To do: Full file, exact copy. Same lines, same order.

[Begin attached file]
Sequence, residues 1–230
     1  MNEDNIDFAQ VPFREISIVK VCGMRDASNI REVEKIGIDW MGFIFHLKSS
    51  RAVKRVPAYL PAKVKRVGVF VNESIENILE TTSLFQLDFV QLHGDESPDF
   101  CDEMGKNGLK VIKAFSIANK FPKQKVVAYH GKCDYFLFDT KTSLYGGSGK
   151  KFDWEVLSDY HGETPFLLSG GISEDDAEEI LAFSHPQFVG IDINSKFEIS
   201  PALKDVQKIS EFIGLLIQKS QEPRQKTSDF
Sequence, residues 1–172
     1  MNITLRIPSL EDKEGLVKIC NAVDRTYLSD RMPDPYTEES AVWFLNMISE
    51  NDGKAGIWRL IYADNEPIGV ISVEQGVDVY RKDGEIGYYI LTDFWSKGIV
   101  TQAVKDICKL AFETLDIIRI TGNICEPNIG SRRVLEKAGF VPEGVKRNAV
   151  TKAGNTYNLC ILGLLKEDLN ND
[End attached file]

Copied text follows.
Sequence, residues 1–230
     1  MNEDNIDFAQ VPFREISIVK VCGMRDASNI REVEKIGIDW MGFIFHLKSS
    51  RAVKRVPAYL PAKVKRVGVF VNESIENILE TTSLFQLDFV QLHGDESPDF
   101  CDEMGKNGLK VIKAFSIANK FPKQKVVAYH GKCDYFLFDT KTSLYGGSGK
   151  KFDWEVLSDY HGETPFLLSG GISEDDAEEI LAFSHPQFVG IDINSKFEIS
   201  PALKDVQKIS EFIGLLIQKS QEPRQKTSDF
Sequence, residues 1–172
     1  MNITLRIPSL EDKEGLVKIC NAVDRTYLSD RMPDPYTEES AVWFLNMISE
    51  NDGKAGIWRL IYADNEPIGV ISVEQGVDVY RKDGEIGYYI LTDFWSKGIV
   101  TQAVKDICKL AFETLDIIRI TGNICEPNIG SRRVLEKAGF VPEGVKRNAV
   151  TKAGNTYNLC ILGLLKEDLN ND